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Japan urges Indonesia to end coal ban

7. Indonesia Coal
Indonesia exports around three-quarters of its coal output. (Photo: Wikimedia Commons)
JAKARTA — Japan's ambassador to Indonesia has called on Jakarta to end its recent ban on coal exports, which he said has had a "serious impact" on the world's third-biggest economy.اضافة اعلان

Indonesia exports around three-quarters of its coal output, with the biggest markets including Asian economic powerhouses China, Japan, South Korea and India.

But on January 1 it banned shipments of the fossil fuel, saying it was to avoid outages after coal producers failed to set aside 25 percent of output for the domestic market, as they were obliged to.

That sent global prices of coal higher as the northern hemisphere's winter demand for energy peaks.

The "sudden export ban has a serious impact on Japan's economic activities as well as people's daily life", Kanasugi Kenji wrote in a letter Tuesday to Indonesia's Energy and Mineral Resources Minister Arifin Tasrif, which was confirmed Wednesday by the embassy.

Japan imports around 2 million tonnes of coal a month from Indonesia, the letter said, adding that the grade of coal purchased by Japanese companies was higher than that burned by Indonesia's power stations. Japan was not, therefore, a factor behind Indonesia's coal shortages, he said.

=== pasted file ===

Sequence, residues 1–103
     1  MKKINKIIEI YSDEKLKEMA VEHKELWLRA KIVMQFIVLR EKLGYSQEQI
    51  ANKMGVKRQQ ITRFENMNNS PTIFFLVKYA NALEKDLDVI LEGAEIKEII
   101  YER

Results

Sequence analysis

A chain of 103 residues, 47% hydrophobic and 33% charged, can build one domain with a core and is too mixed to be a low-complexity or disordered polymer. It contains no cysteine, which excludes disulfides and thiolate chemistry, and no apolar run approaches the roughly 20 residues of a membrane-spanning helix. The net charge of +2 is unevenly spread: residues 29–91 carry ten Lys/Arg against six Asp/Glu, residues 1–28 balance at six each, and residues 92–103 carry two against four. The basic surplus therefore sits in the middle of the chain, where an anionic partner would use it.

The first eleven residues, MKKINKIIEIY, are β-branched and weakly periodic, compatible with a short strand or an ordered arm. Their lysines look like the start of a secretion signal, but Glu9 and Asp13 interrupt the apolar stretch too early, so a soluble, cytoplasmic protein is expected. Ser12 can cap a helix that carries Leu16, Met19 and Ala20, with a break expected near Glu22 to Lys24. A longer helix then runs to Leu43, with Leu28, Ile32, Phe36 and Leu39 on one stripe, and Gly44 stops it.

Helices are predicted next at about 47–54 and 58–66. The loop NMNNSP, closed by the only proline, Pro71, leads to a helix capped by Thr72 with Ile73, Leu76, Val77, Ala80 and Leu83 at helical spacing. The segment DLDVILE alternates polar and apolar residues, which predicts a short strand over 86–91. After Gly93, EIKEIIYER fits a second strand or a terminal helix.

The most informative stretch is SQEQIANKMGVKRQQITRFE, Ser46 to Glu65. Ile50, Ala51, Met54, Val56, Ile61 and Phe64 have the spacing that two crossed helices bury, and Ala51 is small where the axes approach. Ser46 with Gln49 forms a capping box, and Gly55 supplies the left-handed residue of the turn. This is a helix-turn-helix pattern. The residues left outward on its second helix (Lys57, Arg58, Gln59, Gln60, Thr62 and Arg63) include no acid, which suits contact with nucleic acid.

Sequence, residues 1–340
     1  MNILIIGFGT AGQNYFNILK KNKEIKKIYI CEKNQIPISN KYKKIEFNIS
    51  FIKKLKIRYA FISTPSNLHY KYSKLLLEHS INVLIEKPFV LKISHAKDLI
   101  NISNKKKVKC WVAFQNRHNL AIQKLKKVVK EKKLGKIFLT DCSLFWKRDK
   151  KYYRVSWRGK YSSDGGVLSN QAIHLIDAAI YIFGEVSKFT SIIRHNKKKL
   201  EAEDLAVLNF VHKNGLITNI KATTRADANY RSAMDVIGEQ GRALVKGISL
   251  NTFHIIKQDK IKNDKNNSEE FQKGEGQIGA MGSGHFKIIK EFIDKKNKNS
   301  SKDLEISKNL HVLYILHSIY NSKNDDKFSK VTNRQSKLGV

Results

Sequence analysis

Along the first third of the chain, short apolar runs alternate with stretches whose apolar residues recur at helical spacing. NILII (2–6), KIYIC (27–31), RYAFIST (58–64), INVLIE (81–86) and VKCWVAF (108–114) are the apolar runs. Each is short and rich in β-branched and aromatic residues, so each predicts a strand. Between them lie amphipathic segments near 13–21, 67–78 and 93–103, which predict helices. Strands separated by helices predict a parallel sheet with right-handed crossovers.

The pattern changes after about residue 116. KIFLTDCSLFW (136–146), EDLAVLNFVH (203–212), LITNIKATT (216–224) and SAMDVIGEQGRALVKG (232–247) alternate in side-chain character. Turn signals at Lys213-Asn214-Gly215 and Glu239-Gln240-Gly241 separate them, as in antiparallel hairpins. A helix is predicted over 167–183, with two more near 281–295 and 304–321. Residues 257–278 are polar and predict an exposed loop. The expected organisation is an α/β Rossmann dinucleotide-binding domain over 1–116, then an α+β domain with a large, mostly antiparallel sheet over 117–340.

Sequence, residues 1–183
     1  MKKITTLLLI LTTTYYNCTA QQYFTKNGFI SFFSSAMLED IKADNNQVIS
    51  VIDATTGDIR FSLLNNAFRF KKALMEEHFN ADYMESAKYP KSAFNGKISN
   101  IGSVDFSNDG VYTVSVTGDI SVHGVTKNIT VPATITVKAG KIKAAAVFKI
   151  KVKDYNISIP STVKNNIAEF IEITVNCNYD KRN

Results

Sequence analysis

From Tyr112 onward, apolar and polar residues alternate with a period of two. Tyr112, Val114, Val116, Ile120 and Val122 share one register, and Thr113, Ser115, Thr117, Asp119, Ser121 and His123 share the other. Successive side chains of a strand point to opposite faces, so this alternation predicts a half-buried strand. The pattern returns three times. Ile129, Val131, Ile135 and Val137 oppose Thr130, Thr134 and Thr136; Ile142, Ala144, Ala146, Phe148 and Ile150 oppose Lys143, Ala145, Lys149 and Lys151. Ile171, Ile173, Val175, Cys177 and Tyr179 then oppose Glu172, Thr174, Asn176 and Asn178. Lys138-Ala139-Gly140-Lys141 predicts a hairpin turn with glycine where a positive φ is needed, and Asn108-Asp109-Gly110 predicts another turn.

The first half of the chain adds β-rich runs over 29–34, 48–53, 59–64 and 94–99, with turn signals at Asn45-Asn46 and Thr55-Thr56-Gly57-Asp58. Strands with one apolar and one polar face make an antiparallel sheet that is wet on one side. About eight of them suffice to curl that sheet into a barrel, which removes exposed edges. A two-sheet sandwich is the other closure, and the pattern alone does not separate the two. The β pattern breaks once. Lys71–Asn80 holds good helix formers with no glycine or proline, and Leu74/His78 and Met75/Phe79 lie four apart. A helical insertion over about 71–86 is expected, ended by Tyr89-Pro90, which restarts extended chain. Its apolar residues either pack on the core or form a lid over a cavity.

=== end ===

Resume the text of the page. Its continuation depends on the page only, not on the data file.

"I therefore wish to request for the immediate removal of bans on coal export to Japan," the letter read.

There were few alternative sources to which Japan could turn, the letter said, urging a rapid end of the ban in "order to continue and maintain the cordial economic relationship" between the two countries.

The Indonesian government had said it would review the ban on Wednesday, but a planned meeting with representatives from the coal industry did not take place and no reason was given for the delay.

Indonesia requires coal producers to set aside 25 percent of output for the domestic market, but caps the price at which it buys the fuel at $70 a metric tonne — far below global prices.

Since the ban, between 7.5 million tonnes and 13.9 million tonnes of coal had been diverted to domestic demand — according to the state power monopoly and media reports.

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